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Stossel v. Meta Platforms, Inc.

District court dismisses reporter John Stossel’s complaint for defamation against Facebook owner Meta and third-party fact-checking organization after his videos were fact-checked and flagged as “Missing Context” and “Partly False” on Facebook, holding that fact-checking labels and assessments are subjective and do not constitute actionable statements of objective fact.

The district court dismissed with prejudice news reporter John Stossel’s claim for defamation against Facebook owner Meta Platforms, Inc., and Science Feedback, a French nonprofit organization that runs a fact-checking website called Climate Feedback. Stossel filed the lawsuit after two videos he published on Facebook reporting on climate change were fact-checked and labeled as “Missing Context” and “Partly False.” Claiming that these actions amounted to defamation, Stossel alleged that he was damaged by the loss of advertising revenue caused by the reduced viewership of the videos after they had been flagged, and that his professional reputation had been damaged by labeling of his videos. Meta and Science Feedback moved to dismiss Stossel’s complaint for failure to state a claim and also moved to strike the complaint pursuant to California’s anti-strategic lawsuit against public participation (anti-SLAPP) statute.

The first of Stossel’s videos at issue is titled “Government Fueled Fires,” discussing the devastating California wildfires of 2020. In this video, according to the complaint, Stossel explores a scientific hypothesis that while climate change contributed to the California wildfires, it was not the primary cause, with some interviewees in the video claiming that the fires were primarily caused by poor forest management. Shortly after the video was published on Facebook, it was labeled as Missing Context by Facebook’s fact-checking program, which works with independent third-party fact-checking organizations to “fight [] the spread of misinformation on Facebook.” Viewers of the flagged video had the option of clicking a link to “See Why” the video had been labeled as Missing Context, which opened a new text box indicating that “[i]ndependent fact-checkers say this information is missing context and could mislead people.” Also included in that text box was a link to an article on the Climate Feedback website, which assessed the claim that “[f]orest fires are caused by poor management[,] [n]ot by climate change,” finding the claim to be misleading. Stossel alleged that these actions “stated by implication” and falsely attributed to him such claim, which he did not make in the fire video.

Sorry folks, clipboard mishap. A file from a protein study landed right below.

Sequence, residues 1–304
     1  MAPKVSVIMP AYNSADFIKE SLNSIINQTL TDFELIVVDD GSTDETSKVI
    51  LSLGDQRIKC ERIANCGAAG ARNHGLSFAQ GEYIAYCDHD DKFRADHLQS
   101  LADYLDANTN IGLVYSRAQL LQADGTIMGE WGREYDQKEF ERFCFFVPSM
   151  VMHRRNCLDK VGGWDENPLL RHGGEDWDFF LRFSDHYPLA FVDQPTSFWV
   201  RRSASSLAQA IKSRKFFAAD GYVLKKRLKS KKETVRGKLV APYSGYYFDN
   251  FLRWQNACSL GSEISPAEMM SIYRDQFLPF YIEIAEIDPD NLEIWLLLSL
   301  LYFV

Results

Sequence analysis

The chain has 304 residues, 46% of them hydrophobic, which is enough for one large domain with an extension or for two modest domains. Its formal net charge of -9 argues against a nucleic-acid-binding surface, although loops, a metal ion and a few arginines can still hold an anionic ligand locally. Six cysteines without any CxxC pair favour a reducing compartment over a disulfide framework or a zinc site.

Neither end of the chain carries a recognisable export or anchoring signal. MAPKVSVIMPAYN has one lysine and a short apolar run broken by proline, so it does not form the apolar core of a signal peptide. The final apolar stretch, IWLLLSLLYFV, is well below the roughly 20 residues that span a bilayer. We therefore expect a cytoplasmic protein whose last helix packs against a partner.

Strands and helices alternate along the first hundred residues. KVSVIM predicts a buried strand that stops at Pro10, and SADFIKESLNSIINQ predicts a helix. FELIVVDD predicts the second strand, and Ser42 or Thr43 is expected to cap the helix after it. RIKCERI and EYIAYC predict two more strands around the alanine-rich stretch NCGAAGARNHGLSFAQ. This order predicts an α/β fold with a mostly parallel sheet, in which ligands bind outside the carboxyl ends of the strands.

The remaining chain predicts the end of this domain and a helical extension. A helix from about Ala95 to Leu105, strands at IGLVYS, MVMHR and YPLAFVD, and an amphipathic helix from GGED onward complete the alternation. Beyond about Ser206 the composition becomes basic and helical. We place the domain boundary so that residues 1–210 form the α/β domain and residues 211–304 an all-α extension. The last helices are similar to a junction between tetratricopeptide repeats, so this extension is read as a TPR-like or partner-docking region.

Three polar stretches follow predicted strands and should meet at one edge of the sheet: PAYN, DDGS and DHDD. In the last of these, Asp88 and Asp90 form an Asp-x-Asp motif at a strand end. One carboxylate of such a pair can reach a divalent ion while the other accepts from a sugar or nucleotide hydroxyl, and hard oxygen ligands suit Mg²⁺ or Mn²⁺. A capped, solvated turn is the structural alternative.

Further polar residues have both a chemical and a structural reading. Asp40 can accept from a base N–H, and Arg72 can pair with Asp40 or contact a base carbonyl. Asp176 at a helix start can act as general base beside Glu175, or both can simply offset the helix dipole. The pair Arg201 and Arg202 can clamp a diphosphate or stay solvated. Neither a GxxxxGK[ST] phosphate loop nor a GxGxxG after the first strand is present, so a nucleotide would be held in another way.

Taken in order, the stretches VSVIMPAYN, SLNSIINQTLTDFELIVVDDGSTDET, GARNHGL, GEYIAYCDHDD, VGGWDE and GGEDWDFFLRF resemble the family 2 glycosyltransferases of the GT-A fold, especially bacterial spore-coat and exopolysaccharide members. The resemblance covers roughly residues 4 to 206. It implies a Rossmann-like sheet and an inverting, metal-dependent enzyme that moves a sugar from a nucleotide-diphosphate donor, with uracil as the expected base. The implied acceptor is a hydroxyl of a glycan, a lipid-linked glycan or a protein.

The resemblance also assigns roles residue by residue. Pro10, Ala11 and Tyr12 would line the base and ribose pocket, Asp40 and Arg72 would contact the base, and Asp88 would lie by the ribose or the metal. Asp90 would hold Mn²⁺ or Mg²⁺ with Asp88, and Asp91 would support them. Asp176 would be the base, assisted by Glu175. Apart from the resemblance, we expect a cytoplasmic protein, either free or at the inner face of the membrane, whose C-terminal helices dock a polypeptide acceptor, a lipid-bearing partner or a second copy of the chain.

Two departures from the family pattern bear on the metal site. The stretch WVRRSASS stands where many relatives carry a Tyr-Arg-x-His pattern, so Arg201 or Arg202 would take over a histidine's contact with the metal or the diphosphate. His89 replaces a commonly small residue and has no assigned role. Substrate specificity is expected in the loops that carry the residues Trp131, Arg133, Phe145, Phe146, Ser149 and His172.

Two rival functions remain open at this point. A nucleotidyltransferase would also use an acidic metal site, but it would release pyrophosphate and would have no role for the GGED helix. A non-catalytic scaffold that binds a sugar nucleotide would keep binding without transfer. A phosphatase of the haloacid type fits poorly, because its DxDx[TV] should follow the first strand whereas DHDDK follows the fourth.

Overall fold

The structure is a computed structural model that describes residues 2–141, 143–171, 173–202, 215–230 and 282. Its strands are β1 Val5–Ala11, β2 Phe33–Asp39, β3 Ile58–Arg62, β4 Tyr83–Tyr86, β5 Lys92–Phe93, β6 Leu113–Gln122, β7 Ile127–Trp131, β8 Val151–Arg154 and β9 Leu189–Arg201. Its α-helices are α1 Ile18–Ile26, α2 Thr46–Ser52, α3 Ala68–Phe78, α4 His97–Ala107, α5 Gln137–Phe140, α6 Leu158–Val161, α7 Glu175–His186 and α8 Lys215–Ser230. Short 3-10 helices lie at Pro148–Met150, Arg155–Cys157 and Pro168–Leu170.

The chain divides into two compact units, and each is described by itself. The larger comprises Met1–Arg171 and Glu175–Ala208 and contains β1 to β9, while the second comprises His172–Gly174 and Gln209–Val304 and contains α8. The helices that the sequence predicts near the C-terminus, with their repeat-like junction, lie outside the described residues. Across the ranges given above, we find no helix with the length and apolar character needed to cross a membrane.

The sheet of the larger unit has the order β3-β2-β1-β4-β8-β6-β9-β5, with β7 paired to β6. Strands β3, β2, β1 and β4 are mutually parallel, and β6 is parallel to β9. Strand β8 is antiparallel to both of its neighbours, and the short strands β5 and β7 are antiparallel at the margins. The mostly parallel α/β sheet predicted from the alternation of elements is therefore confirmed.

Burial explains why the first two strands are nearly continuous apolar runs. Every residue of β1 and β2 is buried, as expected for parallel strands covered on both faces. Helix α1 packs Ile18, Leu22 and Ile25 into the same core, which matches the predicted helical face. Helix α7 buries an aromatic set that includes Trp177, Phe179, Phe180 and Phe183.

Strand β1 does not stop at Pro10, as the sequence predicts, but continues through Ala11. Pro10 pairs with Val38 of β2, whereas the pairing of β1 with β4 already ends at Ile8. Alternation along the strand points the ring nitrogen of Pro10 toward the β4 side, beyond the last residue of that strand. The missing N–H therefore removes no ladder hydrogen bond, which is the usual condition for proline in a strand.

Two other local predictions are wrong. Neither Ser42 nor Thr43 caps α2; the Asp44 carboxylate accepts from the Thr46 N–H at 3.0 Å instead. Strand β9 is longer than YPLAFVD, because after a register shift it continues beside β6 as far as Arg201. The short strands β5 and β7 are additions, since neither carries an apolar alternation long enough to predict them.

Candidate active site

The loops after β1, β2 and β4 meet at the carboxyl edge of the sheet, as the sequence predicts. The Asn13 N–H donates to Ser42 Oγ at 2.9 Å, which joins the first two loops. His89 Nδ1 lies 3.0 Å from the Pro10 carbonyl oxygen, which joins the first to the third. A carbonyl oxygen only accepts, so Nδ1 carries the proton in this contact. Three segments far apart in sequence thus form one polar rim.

The second video is titled “Are We Doomed?” and, according to Stossel, “question[s] claims made by those [whom] Stossel refers to as ‘environmental alarmists.’” The video contained footage of a panel discussion on climate change that “acknowledged rising sea levels and discussed whether humans can adapt to the problems they pose; discussed data that undermine the claim that hurricanes are getting stronger; and discussed how carbon dioxide can be simultaneously a greenhouse gas and a beneficial fuel for crops.” According to Stossel, the “climate alarmists” refused to attend the panel debate. After the video was published to Facebook, it was labeled Partly False by Facebook’s fact-checking program, and a link directed viewers to an article on the Climate Feedback website titled “Video promoted by John Stossel for Earth Day relies on incorrect and misleading claims about climate change.” Stossel claimed that these actions were defamatory in that defendants’ statements that the video contained factual inaccuracies and was partly false themselves were false.